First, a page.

Kings County (Ny) Supreme Court—On May 3, a gravida at 23 weeks’ gestation presented to a hospital clinic for a routine prenatal visit, at which time the obstetrician did not perform an internal exam. She presented again 8 days later, when it was determined that her cervix had dilated 2 cm and her membranes were bulging. Following admission, she was confined to bed and scheduled for the placement of a cerclage for an incompetent cervix. However, the procedure was delayed for 5 days, and on May 16, the woman vaginally delivered an infant, who subsequently suffers from spastic quadriplegia, blindness, and delayed mental development.
In suing, the mother claimed that the infant’s brain damage was the result of the obstetrician’s failure to place a cervical cerclage, which would have prevented preterm labor and delivery. She also asserted that there was no electronic fetal monitoring during labor; had there been, fetal distress would have been detected, allowing for a timely cesarean delivery to prevent hypoxia. Furthermore, the patient contended that an internal exam should have been performed during her visit on May 3, that a pediatrician should have been present during delivery, and that the physician didn’t intubate the infant in a timely manner. However, she did concede that most of the baby’s problems were due to his prematurity.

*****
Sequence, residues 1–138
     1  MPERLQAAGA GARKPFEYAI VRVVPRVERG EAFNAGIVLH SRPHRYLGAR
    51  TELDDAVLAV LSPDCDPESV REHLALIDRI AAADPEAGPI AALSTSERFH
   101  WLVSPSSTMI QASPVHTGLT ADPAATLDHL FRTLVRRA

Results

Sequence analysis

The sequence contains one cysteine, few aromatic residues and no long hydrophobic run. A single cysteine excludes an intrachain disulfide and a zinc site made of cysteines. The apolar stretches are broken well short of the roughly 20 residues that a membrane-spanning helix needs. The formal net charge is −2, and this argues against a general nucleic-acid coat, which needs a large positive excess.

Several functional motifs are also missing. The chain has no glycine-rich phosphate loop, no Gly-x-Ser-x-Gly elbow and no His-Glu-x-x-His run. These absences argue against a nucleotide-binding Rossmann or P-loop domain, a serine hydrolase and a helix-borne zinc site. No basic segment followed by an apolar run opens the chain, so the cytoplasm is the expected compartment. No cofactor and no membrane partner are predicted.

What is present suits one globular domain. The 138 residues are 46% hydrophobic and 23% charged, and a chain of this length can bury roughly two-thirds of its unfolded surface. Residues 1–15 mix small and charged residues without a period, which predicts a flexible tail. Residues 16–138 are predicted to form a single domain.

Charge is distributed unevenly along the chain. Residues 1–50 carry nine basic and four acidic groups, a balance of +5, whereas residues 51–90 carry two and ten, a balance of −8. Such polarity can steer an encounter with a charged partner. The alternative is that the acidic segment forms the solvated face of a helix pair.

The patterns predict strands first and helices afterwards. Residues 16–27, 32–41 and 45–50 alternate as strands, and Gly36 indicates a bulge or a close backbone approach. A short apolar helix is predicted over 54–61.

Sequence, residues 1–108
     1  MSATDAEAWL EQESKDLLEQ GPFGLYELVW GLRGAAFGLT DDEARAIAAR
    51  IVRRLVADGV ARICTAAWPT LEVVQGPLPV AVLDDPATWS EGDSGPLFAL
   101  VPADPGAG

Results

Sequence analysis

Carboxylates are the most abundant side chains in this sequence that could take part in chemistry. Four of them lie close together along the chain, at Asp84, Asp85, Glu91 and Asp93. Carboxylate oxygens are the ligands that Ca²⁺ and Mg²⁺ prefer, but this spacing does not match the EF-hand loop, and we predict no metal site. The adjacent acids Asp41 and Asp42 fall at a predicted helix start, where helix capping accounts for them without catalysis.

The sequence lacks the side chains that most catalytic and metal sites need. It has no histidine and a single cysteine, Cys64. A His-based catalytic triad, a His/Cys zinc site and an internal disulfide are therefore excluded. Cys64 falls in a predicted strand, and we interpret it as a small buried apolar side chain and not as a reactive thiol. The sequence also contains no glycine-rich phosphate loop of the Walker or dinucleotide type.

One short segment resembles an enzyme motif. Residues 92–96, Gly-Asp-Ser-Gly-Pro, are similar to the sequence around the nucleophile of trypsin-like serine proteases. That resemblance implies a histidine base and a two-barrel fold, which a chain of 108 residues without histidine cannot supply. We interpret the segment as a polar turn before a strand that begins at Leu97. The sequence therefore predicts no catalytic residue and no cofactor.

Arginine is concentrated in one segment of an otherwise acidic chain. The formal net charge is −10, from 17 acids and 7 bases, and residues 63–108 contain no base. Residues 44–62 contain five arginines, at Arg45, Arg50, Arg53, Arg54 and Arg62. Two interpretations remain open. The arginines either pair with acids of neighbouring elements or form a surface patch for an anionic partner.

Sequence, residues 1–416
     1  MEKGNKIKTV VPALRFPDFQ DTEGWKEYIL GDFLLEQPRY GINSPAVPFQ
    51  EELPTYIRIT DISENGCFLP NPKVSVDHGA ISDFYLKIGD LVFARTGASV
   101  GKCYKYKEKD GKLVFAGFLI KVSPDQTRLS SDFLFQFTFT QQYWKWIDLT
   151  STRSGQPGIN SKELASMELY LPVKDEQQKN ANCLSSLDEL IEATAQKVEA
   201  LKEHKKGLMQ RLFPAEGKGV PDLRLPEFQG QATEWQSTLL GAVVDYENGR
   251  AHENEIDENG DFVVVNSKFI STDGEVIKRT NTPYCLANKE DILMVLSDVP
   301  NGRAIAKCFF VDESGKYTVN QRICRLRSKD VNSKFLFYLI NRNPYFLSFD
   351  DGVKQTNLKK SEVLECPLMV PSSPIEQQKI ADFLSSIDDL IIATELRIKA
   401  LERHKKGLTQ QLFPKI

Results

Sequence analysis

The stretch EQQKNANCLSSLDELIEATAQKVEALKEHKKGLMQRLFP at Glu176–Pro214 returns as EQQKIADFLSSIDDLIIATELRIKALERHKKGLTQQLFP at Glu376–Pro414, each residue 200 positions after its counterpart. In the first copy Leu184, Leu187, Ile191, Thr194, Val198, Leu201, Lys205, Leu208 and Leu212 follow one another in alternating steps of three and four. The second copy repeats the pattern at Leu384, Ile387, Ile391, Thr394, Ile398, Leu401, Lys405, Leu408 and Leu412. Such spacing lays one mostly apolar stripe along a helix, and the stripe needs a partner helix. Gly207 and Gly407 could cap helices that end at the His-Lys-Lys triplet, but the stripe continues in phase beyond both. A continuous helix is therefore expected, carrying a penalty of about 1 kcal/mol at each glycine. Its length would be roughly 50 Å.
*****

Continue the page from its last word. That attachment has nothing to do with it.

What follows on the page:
The defendant denied that the gravida presented to the hospital clinic on May 3. Citing the woman’s subsequent delivery of another healthy child, the physician argued that she didn’t have an incompetent cervix. Rather, the chorioamnionitis caused the preterm labor. He testified that a pediatrician was present at delivery.
The jury returned a defense verdict.
The cases presented here were compiled by Lewis L. Laska, editor of Medical Malpractice Verdicts, Settlements & Experts. While there are instances when the available information is incomplete, these cases represent the types of clinical situations that typically result in litigation.